Wal-Mart - Don't Hire The Unhealthy

Discussion in 'Current Events' started by GotZoom, Oct 26, 2005.

  1. GotZoom

    GotZoom Senior Member

    Apr 20, 2005
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    Cordova, TN
    The Wal-Mart bashers are all over this. However, part of this isn't uncommon. Many employers don't allow cigarette smoking - will even give "tests" to see if potential employees are smokers.

    I would be curious to see what "unhealthy" is defined as. There are many discriminiation policies in effect about purposely not hiring people with "conditions." In fact, you aren't allowed to ask certain questions in the interview. Of course, if they are talking about weight, I'm wondering if the "Proportionately Challenged" groups will start filing discrimination lawsuits.


    NEW YORK (Reuters) - An internal memo sent to the Wal-Mart Stores Inc. board proposes numerous ways to hold down health care and benefits costs with less harm to the retailer's reputation, including hiring more part-time workers and discouraging unhealthy people from seeking jobs, the New York Times said Wednesday.

    The paper said the draft memo to Wal-Mart's board was obtained from Wal-Mart Watch, a pressure group allied with labor unions that says Wal-Mart's pay and benefits are too low.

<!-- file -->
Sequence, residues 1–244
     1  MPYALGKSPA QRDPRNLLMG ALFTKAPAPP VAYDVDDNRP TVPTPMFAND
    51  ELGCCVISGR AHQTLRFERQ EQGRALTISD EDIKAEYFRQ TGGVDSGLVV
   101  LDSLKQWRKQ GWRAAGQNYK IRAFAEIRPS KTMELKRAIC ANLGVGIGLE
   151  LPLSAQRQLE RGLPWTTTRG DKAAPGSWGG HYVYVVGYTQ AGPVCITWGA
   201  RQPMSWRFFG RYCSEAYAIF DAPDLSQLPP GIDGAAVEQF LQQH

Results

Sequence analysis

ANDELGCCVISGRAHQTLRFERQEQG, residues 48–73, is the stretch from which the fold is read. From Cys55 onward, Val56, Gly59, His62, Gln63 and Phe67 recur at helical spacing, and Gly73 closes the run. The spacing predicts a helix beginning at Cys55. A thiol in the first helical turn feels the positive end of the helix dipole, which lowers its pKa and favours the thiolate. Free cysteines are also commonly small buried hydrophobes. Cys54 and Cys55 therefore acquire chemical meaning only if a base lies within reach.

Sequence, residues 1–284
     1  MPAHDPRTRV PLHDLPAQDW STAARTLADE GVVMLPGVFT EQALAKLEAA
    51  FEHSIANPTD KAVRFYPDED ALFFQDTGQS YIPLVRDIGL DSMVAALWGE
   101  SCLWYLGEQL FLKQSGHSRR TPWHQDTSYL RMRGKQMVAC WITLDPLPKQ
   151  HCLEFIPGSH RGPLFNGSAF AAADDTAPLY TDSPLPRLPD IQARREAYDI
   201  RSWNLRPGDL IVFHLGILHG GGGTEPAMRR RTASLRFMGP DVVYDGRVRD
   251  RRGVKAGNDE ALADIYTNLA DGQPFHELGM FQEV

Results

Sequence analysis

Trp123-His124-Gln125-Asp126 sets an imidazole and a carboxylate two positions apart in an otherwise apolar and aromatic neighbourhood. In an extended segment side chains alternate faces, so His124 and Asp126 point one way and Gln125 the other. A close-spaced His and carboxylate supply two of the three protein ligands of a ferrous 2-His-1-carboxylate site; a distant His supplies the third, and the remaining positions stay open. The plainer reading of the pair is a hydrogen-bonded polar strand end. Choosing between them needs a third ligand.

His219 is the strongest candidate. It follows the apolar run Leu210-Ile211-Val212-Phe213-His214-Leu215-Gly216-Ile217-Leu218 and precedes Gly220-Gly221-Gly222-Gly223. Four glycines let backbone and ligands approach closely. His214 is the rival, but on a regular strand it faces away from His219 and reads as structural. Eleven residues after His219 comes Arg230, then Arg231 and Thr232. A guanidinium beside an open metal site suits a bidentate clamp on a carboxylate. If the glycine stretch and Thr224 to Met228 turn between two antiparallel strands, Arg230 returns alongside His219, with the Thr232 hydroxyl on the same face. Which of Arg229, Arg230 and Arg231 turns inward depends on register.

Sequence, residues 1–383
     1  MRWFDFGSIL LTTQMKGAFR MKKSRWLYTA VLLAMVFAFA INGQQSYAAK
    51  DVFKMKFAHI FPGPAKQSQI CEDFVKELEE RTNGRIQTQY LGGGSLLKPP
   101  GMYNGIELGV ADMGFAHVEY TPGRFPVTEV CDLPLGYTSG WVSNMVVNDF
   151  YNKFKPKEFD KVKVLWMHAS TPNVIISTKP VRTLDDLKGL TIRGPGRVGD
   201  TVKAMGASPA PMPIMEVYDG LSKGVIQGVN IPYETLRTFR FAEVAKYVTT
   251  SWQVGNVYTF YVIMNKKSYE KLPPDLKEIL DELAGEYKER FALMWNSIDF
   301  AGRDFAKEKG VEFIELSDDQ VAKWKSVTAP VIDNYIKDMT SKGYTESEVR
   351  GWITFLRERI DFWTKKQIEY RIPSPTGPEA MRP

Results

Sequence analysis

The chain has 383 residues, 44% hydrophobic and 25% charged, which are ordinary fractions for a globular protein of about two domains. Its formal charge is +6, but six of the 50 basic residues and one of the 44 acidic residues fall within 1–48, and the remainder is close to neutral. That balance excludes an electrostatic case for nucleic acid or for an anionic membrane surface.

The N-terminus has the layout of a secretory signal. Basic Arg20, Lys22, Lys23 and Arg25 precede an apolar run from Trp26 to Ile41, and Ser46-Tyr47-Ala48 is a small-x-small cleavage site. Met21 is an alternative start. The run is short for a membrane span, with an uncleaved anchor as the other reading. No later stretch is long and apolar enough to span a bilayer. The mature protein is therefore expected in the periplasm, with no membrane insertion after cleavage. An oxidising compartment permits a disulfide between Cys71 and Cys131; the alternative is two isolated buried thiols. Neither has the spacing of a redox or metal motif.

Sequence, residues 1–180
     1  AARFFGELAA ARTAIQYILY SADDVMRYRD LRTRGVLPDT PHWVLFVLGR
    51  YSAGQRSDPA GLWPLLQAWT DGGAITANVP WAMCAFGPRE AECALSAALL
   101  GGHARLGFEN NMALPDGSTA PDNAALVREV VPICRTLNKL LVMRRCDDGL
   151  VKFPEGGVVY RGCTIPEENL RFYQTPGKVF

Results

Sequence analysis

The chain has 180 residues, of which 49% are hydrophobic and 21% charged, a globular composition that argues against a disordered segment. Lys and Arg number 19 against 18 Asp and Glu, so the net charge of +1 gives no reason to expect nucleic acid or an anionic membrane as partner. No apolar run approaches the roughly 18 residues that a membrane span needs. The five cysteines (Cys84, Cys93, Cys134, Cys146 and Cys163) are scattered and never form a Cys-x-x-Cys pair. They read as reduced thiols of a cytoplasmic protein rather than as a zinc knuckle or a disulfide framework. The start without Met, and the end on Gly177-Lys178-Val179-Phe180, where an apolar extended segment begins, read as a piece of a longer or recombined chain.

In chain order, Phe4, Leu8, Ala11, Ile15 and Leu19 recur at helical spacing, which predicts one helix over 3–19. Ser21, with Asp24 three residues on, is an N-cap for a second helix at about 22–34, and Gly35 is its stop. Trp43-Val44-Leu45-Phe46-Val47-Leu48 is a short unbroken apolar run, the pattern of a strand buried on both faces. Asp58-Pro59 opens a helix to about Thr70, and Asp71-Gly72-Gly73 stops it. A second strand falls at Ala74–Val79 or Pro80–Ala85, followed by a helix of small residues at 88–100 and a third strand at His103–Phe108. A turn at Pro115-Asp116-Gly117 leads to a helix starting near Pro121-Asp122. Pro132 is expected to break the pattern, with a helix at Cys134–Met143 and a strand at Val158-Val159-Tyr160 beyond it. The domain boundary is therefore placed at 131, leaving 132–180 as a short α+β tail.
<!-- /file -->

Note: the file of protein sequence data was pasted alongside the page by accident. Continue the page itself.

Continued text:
The paper said in the memorandum Susan Chambers, Wal-Mart's executive vice president for benefits, also recommends reducing 401(k) pension contributions and wooing younger, and presumably healthier, workers by offering education benefits.

    The memo is quoted as expressing concern that workers with seven years' seniority earn more than workers with one year's seniority, but are no more productive, said the paper, which posted the memo on its Web site

    To discourage unhealthy job applicants, the paper said, Chambers suggests Wal-Mart arrange for "all jobs to include some physical activity (e.g., all cashiers do some cart-gathering),"

    The memo also proposed that employees pay more for their spouses' health insurance, called for cutting the company's 401(k) contributions to 3 percent of wages from 4 percent and for cutting company-paid life insurance policies.

    The memo acknowledged that Wal-Mart, the world's largest retailer, had to walk a fine line in restraining benefits because critics attacked it for being stingy on wages and health coverage. Chambers in the memo acknowledged 46 percent of the children of Wal-Mart's 1.33 million United States employees were uninsured or on Medicaid.

    Wal-Mart executives said the memo was part of an effort to rein in benefit costs, which have soared by 15 percent a year on average since 2002. Like much of corporate America, Wal-Mart has been squeezed by soaring health costs, the paper said.

    The proposed plan, if approved, would save the company more than $1 billion a year by 2011, the paper said.


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